Wednesday, January 25, 2012

Factories around P.E.E (5) - Malayan Guttas


As I mentioned in my previous blog, I was taking my visiting sister and nieces around Princess Elizabeth for my sis Jen to show her daughter the old abode. After seeing the old primary school, mention was made of the old sports 'houses'.

All the schoolchildren were divided into 4 sports houses. These 'houses', a typically British tradition of naming sport teams in a school, were Kiwi House, Gammon House, Hume House and Guttas House. The houses were also assigned a color - Kiwi-Blue, Hume-Red, Gammon-Green and Guttas-Yellow.

The Houses were 'adopted' by the major factories located around Princess Elizabeth Estate.
These companies sponsored the purchase of sports equipment for the school when it was set up and the sport houses were named after them in appreciation.

Among the four, I believe fewer would know of The Malayan Guttas Company.
In reality, Malayan Guttas was the biggest processor and supplier of Gutta Percha in the region.
What in the world is Gutta Percha, you ask?
Frankly, even I didn't know what gutta-percha was until many many years later when I was a young working adult!
And I am very sure a lot of you would still not have heard of it till now.

Gutta Percha is a rubber like substance made from sap of the the Palaquim (chiku) tree. The sap on processing became a rubber-like substance that was very pliable and not stiff like vulcanized rubber.
Gutta percha trees were indigenous to the Malay Archipelago. The anglicized word gutta percha comes from the Malay getah perca meaning rubber sap. It was used in place of natural rubber for things like medical gloves, dental fillings and especially for electrical cable insulation.
It was also the secret ingredient for another famous product.

The chiku tree was a source of gutta percha
Besides being the major processor and supplier of this raw gutta percha, the Malayan Guttas Company was more famous for another product it manufactured at Hillview Avenue.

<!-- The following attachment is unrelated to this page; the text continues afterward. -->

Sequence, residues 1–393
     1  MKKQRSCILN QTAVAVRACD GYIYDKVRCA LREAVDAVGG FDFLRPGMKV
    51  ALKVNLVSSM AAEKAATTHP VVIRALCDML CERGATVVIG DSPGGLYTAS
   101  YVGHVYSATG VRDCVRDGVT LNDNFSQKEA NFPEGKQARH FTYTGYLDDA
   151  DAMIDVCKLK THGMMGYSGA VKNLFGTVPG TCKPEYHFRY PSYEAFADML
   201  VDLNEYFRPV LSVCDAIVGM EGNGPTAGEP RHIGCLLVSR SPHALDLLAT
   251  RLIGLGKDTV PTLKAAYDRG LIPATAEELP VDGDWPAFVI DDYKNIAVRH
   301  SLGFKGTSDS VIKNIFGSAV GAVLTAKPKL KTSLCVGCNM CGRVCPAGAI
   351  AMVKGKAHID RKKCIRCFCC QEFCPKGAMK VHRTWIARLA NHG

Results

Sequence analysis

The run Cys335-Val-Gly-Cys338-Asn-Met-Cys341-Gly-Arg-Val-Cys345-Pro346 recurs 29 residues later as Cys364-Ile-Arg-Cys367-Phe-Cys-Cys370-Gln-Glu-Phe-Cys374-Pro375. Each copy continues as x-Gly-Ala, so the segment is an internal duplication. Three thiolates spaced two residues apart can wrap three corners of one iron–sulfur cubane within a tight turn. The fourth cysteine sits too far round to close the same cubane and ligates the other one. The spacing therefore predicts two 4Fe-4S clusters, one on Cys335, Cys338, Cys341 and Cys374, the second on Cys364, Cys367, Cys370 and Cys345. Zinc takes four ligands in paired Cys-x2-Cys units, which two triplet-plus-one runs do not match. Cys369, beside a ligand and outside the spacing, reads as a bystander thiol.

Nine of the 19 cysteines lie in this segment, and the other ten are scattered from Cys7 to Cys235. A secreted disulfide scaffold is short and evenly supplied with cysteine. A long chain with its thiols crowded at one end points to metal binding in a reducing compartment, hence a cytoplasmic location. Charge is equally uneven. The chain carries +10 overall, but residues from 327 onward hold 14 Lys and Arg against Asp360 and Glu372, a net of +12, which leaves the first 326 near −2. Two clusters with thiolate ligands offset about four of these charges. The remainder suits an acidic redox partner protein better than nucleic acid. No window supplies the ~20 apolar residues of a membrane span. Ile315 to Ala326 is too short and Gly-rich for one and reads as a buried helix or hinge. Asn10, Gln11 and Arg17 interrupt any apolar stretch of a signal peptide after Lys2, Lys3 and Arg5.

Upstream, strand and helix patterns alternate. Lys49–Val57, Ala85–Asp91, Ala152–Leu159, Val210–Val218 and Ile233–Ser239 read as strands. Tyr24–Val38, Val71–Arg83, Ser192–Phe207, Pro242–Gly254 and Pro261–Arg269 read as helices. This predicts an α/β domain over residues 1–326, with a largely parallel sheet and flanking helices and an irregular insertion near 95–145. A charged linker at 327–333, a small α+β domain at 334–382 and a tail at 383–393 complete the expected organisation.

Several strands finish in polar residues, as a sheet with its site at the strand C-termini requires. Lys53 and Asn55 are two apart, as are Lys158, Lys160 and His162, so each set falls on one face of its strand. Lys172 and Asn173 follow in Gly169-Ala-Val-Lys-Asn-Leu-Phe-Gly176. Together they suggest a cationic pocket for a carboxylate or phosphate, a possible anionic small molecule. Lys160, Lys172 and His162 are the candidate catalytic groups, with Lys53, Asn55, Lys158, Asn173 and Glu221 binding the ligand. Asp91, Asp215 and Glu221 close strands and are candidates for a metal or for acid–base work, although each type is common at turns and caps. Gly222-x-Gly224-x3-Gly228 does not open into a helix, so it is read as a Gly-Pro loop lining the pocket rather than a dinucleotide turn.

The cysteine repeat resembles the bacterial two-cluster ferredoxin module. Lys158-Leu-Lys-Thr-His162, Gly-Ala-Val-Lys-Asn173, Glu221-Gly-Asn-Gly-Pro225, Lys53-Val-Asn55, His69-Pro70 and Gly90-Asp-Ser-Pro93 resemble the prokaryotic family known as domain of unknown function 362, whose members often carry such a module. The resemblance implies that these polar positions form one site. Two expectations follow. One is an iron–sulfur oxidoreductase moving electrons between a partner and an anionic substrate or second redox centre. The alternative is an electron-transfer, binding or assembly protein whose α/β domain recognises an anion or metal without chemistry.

This was the Wrigley Chewing Gum.
Older residents at P.E.E. would only know the factory as 'the chewing gum factory'.

Gutta percha was the major component of chewing gum.
It was the inedible sticky stuff that you chewed on and when spat out caused all sorts of disgusting sticky situations!
This factory at Hillview Avenue supplied Wrigley worldwide the substance to make chewing gum.

Of course, we all know of the infamous 1992 Singapore ban on chewing gum.
But by this time, gutta percha was no longer used in chewing gum in favour of other chemically made substances. This led to the factory land being sold to property developers eventually after the area was rezoned. I guess it was fortuitous for the parent  company as they made a nice profit from the land sale.
The parent company of Malayan Guttas Ltd at Hillview was the Wrigley Company of USA.

Today, on the site of the former Malayan Guttas factory sits the Hillington Green and Summerhill condominiums.

postscript: 10 Feb 2012.
I found an old archive photo of the Malayan Guttas factory.

The Malayan Guttas factory at Hillview Avenue.
Over the years. the row of Casuarina trees grew to full height about 15m and a the distinguishing landmark.


  1. Thank you for a very informative piece. In my primary school, the Braddell Rise School. we had 4 houses named after the roads around us. These were Braddell, Thomson, Lornie and Caldecott.

  2. I am so happy to have found a picture of the old Malayan Guttas factory,

    1. Hi James
      I am also very happy to see your old photo of the old Malayan Guttas factory. My grandfather worked there in the 1950s until his passing in 1972 and I have fond memories of running on the field you see in the background of the photo when I was around 3 years old. Anna

  3. Hi,

    I am the sun of Mr. Buenzli (Swiss), who was managing Malayan Guttas plant in the 50s, mid 60s for Wrigley L.A. Dreyfus Company.

    Here in Switerland he was known as Mr.Chewing-gum by my school-friends

    I am currently emptying our familiy home and have some photos of the plant staff including the Hindu entry guard which everybody should recall;-).
    I could recognise Mr. Hock, Mr Cheong but do not remenber all the other names

    Any interest before I throw them away?

    Pierre-Yves Bünzli
    Morges - Switzerland

    1. Hello Pierre-Yves,
      I will be most happy to receive any photos which Mr Buenzli kept of the Malayan Guttas factory.
      If you could send them direct to to my email at
      I would try and collate them into an updated article for this blog.
      Would also appreciate if you could send us a photo of Mr Buenzli as I have had some requests from documentary producers asking for pictures of the old staff.
      If you are unable to scan and send the pictures as jpg files, then I will give you an address to send it to. Thank you for your valuable offer. We should keep them at least digitally so that iut won't be lost to our memories.